WASHINGTON (AP) — Reinforcing its opposition to President Barack Obama's environmental agenda, the Republican-controlled House on Friday approved symbolic measures declaring hostility to two liberal ideas on fossil fuels.
One measure disapproves of Obama's call for a $10-per-barrel fee on crude oil, while the other preemptively opposes a plan Obama has never advanced: a "carbon tax" on emissions from fossil fuels such as oil and coal.
The House approved the oil-fee measure Friday on a 253-144 vote. Lawmakers voted 237-163 to express the belief that a carbon tax would be detrimental to the U.S. economy.
Rep. Steve Scalise of Louisiana, the No. 3 Republican in the House, said the oil fee and carbon tax are in line with the "radical rules and regulations" Obama has imposed.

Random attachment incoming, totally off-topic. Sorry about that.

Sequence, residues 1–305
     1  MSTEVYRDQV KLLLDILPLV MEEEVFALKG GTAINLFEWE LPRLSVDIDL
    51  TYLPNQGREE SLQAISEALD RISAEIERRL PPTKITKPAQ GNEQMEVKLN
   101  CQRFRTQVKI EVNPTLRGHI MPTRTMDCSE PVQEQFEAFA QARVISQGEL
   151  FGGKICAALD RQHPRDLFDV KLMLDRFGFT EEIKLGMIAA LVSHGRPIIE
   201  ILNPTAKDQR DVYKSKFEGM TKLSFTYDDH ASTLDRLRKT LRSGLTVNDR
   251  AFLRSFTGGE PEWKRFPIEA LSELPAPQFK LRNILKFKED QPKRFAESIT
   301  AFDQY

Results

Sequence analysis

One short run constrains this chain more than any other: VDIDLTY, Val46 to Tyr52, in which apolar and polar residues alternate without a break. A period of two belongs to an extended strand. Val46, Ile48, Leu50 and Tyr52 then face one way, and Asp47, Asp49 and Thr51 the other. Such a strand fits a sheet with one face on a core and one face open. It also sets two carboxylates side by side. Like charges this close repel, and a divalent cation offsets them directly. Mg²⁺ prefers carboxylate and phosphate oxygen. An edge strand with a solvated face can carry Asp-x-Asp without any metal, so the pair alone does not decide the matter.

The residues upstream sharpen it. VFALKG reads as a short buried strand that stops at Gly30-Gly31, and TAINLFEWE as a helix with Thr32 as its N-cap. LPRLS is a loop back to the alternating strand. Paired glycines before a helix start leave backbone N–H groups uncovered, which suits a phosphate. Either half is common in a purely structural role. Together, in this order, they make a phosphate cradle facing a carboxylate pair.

Scalise denounced the Environmental Protection Agency, the IRS and the National Labor Relations Board — "the whole alphabet soup of federal agencies that every morning wake up trying to figure out how to make it harder for our economy to get moving again."
Rep. John Larson, D-Conn., blasted the GOP measures as nothing more than "a messaging opportunity" for Republicans.
"This has no force of law. All this does is say what the sensibilities of Congress are," Larson said. "What the public thinks is that we're all bluster and no solutions."
Larson, who supports a carbon tax, said the proposal was "not just about climate change. It's about the health of the air we breathe, what we're poisoning the atmosphere with. The American people are screaming out for Congress not to have a messaging opportunity, but to offer a solution."